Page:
Posts Tagged ‘owls’

The innocent wisdom of a child

Thursday, July 5th, 2012

I think of myself as child of Easter Island. I watch in admiration at a bird singing in a tree.

I watch in horror as the tree is felled by the grown ups and the bird flies away.
I tug on my father’s arm and ask why are the grown ups killing the trees dad?
He responds: “You’ll understand when you grow up.”

“The most interesting information comes from children, for they tell all they know and then stop.”

~ Mark Twain


Many of the younger generation cannot understand why the older generation is destroying the planet.
Without being ageist, there is a noticeable positive correlation between the young wanting to respect the planet, and the ‘Baby Boomer’ generation which largely remains hell bent on destroying it. Examples are everywhere. Start with our politicians and business leaders.

The Baby Boomers who find themselves aligned with those who respect the planet are noticeably in the minority amongst their peers and vice versa.

Suggan Buggan
Snowy River Region


Back When The Logging Industry Was Young

by Penny Taylor, Conroe, Texas, USA, ‘Pennys Tuppence’, ^
I wonder how many birds lost their homes, to make homes for people?


Let’s see – how many 2x4s is that?

Just look at the length of the hand saw they needed

And look at the size of the heavy duty axes.

After a tree was felled the real work began – a week or more to cut it up.

The work required very strong and courageous men.

Some of the logs were larger than the train engine.

A hollowed out log became the company’s mobile office.

Hollowed out logs were also used to house and feed the crews.



Staying alive: A mottled wood owl. The species can be found only in 
India, but it is fast losing its nesting sites because of tree-felling


Study: Owls play vital role in preserving environment

by Adnan Attarwala, 20120117, ^ Western Maharashtra, India, ^


‘A study conducted for the first time on five different species of owls inhabiting Western Maharashtra by city-based ornithologist Dr Satish Pandey, a fellow at the Maharashtra Academy of Science, has revealed how these nocturnal birds, who are losing their habitats because of environmental destruction and other superstitions, play a very important role in safeguarding the environment.

Five species of owls belonging to the Family Tytonidae (barn owl) and the Family Strigidae (Indian eagle owl, brown fish owl, mottled wood owl and spotted owlet) co-inhabiting the Deccan Plateau, the coastal region of Konkan and adjoining places were studied to understand preference habitat, reproductive behavior and food niche partitioning from 2005 till 2008.

The study was presented at the 7th Asian Raptor Research and Conservation Network (ARRCN) Symposium on Migratory Bird held in Korea last week on how the owl’s diet can be useful as a means of biological control of agriculture pests.

The studies revealed that spotted owlets and Indian eagle owls had the most compact habitat clusters, indicating a more specific habitat requirement, namely scrubs and grasslands. But since most of the lands are under development, the owls are fast disappearing. As the owls feed on rodents, birds, reptiles and insects and spend longer time in agricultural habitats, they are being subjected to anthropogenic activities and other interferences.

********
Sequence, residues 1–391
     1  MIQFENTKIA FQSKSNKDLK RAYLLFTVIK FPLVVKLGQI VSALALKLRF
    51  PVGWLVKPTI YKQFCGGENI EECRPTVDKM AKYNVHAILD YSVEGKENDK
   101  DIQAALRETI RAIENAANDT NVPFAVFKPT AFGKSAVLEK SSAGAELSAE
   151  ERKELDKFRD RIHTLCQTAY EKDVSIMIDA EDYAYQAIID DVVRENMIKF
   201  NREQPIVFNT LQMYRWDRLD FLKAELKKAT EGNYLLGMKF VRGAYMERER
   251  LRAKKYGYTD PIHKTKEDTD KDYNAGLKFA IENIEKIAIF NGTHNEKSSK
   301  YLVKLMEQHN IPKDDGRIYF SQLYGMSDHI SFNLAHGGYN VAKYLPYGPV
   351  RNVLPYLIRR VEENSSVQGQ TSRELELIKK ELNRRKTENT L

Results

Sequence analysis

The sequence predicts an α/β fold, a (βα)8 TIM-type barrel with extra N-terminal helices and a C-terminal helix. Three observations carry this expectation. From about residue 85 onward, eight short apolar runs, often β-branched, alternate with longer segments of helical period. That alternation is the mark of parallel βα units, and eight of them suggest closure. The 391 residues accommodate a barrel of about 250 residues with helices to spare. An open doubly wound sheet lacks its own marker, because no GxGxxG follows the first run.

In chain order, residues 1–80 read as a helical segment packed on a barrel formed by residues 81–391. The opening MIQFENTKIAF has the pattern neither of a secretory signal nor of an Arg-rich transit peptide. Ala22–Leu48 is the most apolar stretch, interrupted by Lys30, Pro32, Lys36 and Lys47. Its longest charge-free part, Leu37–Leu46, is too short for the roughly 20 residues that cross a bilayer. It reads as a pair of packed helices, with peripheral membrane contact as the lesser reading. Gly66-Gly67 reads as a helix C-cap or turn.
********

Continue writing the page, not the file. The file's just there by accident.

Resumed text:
Mottled wood owls, which prefer deciduous forests are found only in India and inhabit mainly forested areas, where the use of pesticides is leading to problems as they eat rodents. Also, as they are tree-hollow nesting species, they are fast losing their nesting sites because of the felling of trees in their inhabited areas.

Barn owls and brown fish owls occupy more diverse habitats, with the latter preferring more water bodies and evergreen forests in their habitat. Due to the rampant destruction of rivers and lakes in Deccan Plateau, the birds have almost disappeared and have gone to upper streams as they require greener patches.

“We selected an area of 1,000 m radius around the nest in order to analyse the landscape features in all of the nest territories and visited each nest at least five times. We collected pellets of digestive foods, which were scrutinised by experts from Zoological Survey of India (ZSI),” said Dr Pande.

The study, besides understanding owl habitats, also included data based on Pianka Niche Overlap Index (PNOI) which suggested that spotted owlets and Indian eagle owls had maximum food overlap in terms of mammalian, avian, reptilian and insect prey, followed by barn owls and mottled wood owls, which are generalist feeders without specific food preference, while brown fish owls had the less overlap as they ate fish.’

About Dr Satish Pandey:

‘Dr Satish Pandey is an Interventional Vascular Radiologist and Assoc. Professor of Radiology at BJ Medical College. He works in ecology and field ornithology and has made several video films on raptor ecology, marine ecosystem and conservation, has published more than 40 papers and has authored several field guides and popular books on ornithology, nature education, orchids and other subjects to promote conservation.’



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